I showed you the seeds that small daughter planted for me at the weekend – they’re currently “doing their thing” in the greenhouse and I’m hoping to have some green shoots to show you soon.  One of our cats is delighted that we’ve dug over the vegetable boxes and has been adding his own brand of manure, so I’ve covered them all over with mesh now to discourage him.  Blooming cat!

Image shows three seed trays and six plant pots in a green drip tray. They are all newly planted with seeds.

Out and about, the hawthorn is blossoming …

Image shows a branch of white hawthorn blossom flowers

Image shows blue sky showing through bare branches. One of the trees has blossom on it

and in the garden there are signs of Spring life.  This (as far as I can tell with the help of Google) is a Comma butterfly.  I don’t know that we’ve had these in the garden before, and this is a bit of a fuzzy picture but I had to take it from a distance as it kept flying away.  I’m hoping there’ll be plenty more butterflies in the garden over the summer and I might get some better photos!

Image shows an orange Comma butterfly resting on silver-grey Buddleja leaves

I’m sneaking this photo of this particular mess into the middle of my pretty flowers and butterflies so that you might not really notice it … this used to be a flagged area under a large tree where we kept our garden chairs and would light the chiminea at night.  Yeah, well, that was quite a while ago and now it seems to be turning itself back into a flower border.  I set to with a spade to dig up the layer of soil and leaf litter that covered the flags – I only got half way across before I ran out of puff (well, I had cut the grass as well!) but I’m trying to remind myself that I’m not short of time to get these jobs done at the moment.  I have a bad habit of thinking that everything has to be done at once, but it really doesn’t.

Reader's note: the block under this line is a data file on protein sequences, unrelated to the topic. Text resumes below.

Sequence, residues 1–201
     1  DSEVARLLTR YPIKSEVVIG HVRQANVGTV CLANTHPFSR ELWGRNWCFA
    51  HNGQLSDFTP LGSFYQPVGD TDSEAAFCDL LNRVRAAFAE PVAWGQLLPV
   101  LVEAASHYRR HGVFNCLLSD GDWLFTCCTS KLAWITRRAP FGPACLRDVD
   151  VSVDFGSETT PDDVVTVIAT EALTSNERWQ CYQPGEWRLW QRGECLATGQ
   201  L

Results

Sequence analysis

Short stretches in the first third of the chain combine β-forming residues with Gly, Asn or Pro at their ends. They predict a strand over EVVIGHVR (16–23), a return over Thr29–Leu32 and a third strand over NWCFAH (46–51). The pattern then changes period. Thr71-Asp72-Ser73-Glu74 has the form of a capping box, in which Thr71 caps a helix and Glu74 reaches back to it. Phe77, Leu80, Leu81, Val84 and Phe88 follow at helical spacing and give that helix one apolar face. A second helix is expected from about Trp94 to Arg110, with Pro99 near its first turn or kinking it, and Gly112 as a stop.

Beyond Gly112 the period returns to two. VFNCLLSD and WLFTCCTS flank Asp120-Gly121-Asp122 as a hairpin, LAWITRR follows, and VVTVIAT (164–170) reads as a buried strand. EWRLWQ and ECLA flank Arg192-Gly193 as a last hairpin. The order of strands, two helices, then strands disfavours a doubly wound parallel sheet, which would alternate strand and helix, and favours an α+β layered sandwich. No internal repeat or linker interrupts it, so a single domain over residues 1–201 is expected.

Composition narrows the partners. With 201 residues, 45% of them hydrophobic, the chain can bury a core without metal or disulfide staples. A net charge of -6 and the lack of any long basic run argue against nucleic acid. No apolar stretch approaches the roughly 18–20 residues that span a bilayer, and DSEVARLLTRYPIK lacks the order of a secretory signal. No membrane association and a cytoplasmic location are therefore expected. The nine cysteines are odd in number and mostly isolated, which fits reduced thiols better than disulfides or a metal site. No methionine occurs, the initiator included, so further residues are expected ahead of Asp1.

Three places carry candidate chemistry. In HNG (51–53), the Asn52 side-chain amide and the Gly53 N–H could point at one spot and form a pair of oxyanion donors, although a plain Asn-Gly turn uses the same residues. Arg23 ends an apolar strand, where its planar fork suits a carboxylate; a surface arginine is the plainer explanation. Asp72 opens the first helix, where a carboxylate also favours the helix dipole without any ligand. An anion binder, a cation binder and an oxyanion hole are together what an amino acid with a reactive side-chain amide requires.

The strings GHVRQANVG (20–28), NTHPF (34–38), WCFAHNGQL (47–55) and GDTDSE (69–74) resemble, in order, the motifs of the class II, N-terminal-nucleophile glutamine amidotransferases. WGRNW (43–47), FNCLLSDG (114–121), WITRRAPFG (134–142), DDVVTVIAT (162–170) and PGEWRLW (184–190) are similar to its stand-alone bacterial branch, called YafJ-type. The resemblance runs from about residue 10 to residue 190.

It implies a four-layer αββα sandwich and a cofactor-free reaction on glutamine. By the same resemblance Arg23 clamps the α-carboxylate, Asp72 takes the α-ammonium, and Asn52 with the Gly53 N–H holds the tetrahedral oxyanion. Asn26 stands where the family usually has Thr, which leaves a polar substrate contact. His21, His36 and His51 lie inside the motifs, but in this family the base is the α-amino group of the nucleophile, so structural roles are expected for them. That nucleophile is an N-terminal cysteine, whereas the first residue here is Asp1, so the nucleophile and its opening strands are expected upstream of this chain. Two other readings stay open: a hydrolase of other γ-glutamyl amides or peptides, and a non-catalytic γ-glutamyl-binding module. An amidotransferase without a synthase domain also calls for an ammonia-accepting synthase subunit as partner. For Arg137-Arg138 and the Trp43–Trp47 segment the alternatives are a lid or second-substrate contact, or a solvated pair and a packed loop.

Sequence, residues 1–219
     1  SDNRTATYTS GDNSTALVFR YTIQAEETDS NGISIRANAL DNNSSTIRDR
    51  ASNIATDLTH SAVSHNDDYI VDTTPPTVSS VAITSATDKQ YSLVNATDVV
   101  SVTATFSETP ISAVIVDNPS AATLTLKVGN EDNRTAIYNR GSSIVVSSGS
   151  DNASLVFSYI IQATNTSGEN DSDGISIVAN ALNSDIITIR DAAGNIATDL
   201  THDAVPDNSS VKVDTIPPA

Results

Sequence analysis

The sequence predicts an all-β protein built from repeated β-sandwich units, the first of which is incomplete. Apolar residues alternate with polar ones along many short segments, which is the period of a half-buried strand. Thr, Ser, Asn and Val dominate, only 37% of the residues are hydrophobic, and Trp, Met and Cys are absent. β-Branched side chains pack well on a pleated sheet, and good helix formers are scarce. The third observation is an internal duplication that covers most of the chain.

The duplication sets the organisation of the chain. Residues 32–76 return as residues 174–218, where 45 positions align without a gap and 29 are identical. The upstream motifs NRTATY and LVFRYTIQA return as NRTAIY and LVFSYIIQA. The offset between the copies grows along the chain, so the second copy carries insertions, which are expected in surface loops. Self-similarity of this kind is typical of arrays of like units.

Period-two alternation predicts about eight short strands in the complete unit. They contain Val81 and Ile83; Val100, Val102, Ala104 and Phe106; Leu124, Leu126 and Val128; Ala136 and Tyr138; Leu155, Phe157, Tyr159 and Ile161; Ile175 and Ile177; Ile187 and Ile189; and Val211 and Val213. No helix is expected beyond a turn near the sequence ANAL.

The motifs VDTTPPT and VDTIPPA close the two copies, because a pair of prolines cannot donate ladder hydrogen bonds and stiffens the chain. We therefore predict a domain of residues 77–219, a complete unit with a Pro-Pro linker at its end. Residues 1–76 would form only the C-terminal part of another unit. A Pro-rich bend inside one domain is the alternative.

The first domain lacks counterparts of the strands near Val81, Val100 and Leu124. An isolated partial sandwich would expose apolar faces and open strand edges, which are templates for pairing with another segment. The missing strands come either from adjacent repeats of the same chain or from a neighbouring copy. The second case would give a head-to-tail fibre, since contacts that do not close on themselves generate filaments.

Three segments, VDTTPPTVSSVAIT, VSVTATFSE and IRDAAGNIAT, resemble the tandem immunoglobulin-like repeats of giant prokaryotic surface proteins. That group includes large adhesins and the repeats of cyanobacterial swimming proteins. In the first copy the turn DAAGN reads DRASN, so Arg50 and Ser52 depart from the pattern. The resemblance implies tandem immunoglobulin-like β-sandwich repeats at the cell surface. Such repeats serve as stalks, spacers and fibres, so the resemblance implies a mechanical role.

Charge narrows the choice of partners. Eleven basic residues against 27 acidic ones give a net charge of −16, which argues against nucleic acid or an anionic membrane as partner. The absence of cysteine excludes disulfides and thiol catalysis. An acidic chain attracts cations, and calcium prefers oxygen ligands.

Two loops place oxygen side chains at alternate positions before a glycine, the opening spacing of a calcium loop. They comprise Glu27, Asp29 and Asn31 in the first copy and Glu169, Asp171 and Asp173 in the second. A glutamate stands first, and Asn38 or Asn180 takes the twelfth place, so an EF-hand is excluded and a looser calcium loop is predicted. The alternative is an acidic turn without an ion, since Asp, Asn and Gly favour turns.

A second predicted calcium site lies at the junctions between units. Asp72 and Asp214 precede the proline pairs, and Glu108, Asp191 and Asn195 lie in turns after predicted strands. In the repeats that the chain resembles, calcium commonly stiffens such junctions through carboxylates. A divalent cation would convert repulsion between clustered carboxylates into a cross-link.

There will be an “after” photo, and it will look so much better – and I will sit there in the Summer evenings watching the bats swoop around the trees, warmed by the crackling fire in the chiminea and enjoying my glass of wine!

Image shows an overgrown area under a tree. There are plant pots and a bag of sticks next to a chiminea

As well as watching the butterflies, I had another garden helper.  I didn’t see the robin when we were working on the veg patch, but that might have been because there were too many of us around, so I was very pleased to see it when I was clearing the flags.

Image shows a robin searching for grubs on newly-moved earth